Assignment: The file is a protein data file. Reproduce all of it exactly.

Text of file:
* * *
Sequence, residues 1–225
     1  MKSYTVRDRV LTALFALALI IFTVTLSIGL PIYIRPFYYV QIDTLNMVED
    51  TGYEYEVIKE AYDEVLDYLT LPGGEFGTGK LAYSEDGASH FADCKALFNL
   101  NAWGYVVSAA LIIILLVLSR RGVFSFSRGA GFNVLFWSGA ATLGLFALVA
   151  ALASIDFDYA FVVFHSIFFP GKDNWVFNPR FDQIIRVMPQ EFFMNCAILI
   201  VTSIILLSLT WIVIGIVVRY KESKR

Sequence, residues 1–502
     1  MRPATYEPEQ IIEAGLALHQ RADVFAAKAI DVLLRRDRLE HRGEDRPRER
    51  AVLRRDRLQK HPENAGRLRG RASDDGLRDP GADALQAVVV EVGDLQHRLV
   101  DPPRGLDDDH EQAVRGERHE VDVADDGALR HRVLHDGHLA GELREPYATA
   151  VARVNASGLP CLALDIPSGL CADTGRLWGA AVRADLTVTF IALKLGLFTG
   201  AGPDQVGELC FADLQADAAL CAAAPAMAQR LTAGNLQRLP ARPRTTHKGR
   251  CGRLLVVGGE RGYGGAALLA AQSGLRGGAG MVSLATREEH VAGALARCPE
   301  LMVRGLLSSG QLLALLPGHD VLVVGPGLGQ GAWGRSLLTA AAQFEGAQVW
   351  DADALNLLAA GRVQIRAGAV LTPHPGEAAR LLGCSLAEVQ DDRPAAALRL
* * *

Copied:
Sequence, residues 1–225
     1  MKSYTVRDRV LTALFALALI IFTVTLSIGL PIYIRPFYYV QIDTLNMVED
    51  TGYEYEVIKE AYDEVLDYLT LPGGEFGTGK LAYSEDGASH FADCKALFNL
   101  NAWGYVVSAA LIIILLVLSR RGVFSFSRGA GFNVLFWSGA ATLGLFALVA
   151  ALASIDFDYA FVVFHSIFFP GKDNWVFNPR FDQIIRVMPQ EFFMNCAILI
   201  VTSIILLSLT WIVIGIVVRY KESKR

Sequence, residues 1–502
     1  MRPATYEPEQ IIEAGLALHQ RADVFAAKAI DVLLRRDRLE HRGEDRPRER
    51  AVLRRDRLQK HPENAGRLRG RASDDGLRDP GADALQAVVV EVGDLQHRLV
   101  DPPRGLDDDH EQAVRGERHE VDVADDGALR HRVLHDGHLA GELREPYATA
   151  VARVNASGLP CLALDIPSGL CADTGRLWGA AVRADLTVTF IALKLGLFTG
   201  AGPDQVGELC FADLQADAAL CAAAPAMAQR LTAGNLQRLP ARPRTTHKGR
   251  CGRLLVVGGE RGYGGAALLA AQSGLRGGAG MVSLATREEH VAGALARCPE
   301  LMVRGLLSSG QLLALLPGHD VLVVGPGLGQ GAWGRSLLTA AAQFEGAQVW
   351  DADALNLLAA GRVQIRAGAV LTPHPGEAAR LLGCSLAEVQ DDRPAAALRL